"As Christian leaders who have known Doug over the entire course of his ministry, we are perplexed and grieved by this action," they wrote.
Eric Metaxas, another Christian leader in New York and best-selling author of biographies like "Bonhoeffer: Pastor, Martyr, Prophet, Spy," added his voice to the others.
"Birdsall's vision for reaching the world with the gospel -- and specifically using the influence of ABS's location in tremendously influential Manhattan -- seemed a God-send to all with whom he shared it," Metaxas wrote in an email to WORLD Magazine. "It was clearly the Holy Spirit, and a large number of NYC Christian leaders including Tim Keller and me bore witness to that and rejoiced to hear it, feeling it was an answer to decades of prayer. So to say we are wondering what was at work in his dismissal is an understatement."
Birdsall, who previously led the Lausanne Movement, was on the job at American Bible Society for six months before the board dismissed him in October. The ABS board chairman said the board and Birdsall had "significant differences" on their approach to spreading the Bible around the world. In his own statement, Birdsall said, "There are times when the vision and style of a new leader does not mesh satisfactorily with the culture of an established organization or with the expectations of a board."
The letter from Birdsall's supporters alleged that ABS dismissed him without a severance package, and they asked for help to support the couple.
On Nov. 5, ABS board chairman Pieter Dearolf responded to the letter with a letter of his own, saying ABS offered Birdsall a severance package which he declined.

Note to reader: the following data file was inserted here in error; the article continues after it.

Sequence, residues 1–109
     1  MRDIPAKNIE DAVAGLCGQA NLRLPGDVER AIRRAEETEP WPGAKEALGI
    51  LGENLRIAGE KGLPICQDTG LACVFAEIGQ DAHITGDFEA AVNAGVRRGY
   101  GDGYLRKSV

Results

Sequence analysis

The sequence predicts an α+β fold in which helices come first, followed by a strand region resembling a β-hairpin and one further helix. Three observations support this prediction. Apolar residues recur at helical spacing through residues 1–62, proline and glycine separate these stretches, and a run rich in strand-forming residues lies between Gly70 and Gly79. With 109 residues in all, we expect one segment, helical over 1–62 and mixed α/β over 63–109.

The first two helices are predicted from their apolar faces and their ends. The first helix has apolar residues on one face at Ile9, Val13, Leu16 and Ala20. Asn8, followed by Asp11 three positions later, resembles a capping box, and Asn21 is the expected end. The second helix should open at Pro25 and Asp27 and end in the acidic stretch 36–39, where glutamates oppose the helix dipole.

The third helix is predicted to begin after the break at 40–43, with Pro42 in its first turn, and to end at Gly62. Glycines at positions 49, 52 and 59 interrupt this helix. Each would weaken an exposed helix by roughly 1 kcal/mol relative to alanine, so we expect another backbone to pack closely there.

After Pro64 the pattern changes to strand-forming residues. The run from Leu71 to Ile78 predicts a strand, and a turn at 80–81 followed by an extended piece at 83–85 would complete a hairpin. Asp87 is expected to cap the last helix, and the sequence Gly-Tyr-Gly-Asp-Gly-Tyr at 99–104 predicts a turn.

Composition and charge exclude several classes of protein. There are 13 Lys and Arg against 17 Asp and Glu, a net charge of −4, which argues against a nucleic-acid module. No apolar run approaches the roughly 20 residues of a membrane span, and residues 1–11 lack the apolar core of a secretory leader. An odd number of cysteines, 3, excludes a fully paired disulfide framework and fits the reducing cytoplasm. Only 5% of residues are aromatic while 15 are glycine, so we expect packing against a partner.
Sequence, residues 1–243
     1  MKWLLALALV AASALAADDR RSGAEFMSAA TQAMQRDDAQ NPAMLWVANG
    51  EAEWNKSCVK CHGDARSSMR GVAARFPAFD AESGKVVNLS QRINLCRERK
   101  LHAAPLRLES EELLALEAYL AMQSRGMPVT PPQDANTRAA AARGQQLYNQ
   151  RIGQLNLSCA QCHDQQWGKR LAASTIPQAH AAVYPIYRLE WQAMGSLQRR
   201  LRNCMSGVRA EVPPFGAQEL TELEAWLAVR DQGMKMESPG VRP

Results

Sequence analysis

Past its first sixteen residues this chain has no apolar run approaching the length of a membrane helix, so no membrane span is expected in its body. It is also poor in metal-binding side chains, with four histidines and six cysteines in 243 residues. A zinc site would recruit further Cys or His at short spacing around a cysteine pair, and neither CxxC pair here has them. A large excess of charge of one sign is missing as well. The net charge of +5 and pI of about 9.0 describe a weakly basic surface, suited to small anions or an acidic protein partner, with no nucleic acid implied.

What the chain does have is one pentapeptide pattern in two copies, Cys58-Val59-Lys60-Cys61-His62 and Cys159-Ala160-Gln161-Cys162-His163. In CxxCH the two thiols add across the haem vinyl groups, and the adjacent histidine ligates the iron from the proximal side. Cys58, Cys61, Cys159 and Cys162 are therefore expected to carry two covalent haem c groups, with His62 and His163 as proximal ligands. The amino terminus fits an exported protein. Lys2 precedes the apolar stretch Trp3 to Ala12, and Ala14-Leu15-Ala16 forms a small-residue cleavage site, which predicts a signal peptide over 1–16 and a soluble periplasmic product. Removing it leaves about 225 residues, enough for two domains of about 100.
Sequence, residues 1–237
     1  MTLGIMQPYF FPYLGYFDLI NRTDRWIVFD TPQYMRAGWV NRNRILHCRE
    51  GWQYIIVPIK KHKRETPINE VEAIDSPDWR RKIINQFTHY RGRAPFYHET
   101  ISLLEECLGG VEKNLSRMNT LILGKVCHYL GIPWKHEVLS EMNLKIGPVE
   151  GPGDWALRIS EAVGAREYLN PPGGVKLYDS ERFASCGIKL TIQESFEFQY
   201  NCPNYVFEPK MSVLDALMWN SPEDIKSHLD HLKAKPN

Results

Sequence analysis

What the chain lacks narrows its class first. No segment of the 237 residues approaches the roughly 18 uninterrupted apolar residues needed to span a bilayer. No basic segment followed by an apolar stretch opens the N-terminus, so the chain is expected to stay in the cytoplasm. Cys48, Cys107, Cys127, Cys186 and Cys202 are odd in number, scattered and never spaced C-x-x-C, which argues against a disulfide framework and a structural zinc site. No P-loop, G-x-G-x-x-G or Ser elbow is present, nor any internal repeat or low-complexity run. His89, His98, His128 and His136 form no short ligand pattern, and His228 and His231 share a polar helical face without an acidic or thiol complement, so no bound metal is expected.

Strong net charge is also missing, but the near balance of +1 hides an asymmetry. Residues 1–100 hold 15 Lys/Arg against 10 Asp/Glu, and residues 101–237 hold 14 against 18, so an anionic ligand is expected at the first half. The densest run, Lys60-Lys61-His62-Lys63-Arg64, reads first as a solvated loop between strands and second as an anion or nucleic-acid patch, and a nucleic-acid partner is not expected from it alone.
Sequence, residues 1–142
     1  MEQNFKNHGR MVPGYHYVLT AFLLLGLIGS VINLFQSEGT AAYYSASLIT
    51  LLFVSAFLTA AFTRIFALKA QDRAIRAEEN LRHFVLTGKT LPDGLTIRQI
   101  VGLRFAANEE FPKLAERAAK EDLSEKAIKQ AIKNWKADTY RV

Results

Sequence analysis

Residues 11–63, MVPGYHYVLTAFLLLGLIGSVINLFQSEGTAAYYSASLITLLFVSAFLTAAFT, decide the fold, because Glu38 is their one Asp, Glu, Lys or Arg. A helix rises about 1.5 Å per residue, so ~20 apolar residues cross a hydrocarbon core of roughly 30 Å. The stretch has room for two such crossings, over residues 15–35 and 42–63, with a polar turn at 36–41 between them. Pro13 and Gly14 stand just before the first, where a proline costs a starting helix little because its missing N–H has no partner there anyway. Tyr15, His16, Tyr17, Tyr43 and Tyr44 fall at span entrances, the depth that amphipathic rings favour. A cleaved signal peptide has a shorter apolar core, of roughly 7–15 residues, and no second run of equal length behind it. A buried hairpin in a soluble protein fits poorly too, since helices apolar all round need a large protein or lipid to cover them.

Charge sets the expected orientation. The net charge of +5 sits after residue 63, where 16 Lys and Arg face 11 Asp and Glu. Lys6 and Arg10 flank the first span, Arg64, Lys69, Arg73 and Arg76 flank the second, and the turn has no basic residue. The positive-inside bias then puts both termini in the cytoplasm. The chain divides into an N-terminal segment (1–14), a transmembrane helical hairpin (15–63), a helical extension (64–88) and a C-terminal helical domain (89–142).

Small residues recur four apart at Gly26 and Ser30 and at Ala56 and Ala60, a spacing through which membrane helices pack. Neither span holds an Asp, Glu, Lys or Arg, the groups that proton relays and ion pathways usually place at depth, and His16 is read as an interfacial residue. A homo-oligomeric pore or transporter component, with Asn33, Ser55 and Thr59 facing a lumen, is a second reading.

"We join you in affirming talents and commitment to kingdom service," Dearolf wrote. "We likewise underscore the importance of Doug and Jeanie's wellbeing in this time of transition. This is why we were disappointed when Doug declined our offers of severance as well as other direct support."
The American Bible Society, according to its latest 990s, was $20 million in the red in 2011, and $12 million in the red the year before that. The organization has assets in the hundreds of millions, so that kind of deficit might not be as serious for ABS as for other organizations. The explanation for Birdsall's departure made no reference to any financial issues at the organization.
On Wednesday, an ABS spokesman responded to the question about the organization's financial position by saying that the deficits were investments the organization had made.
"American Bible Society remains in a good position for ongoing mission and ministry," spokesman Geoffrey Morin said. "Especially as the steep challenges facing God's Word have arisen, we have intentionally invested more in current year mission than current year donor revenues. We are able to do this thanks to reserve funding from the generous gifts from our 197-year history, helping to endow critical mission."
Emily Belz is a writer for WORLD Magazine. This article is used by permission from WORLD News Service.
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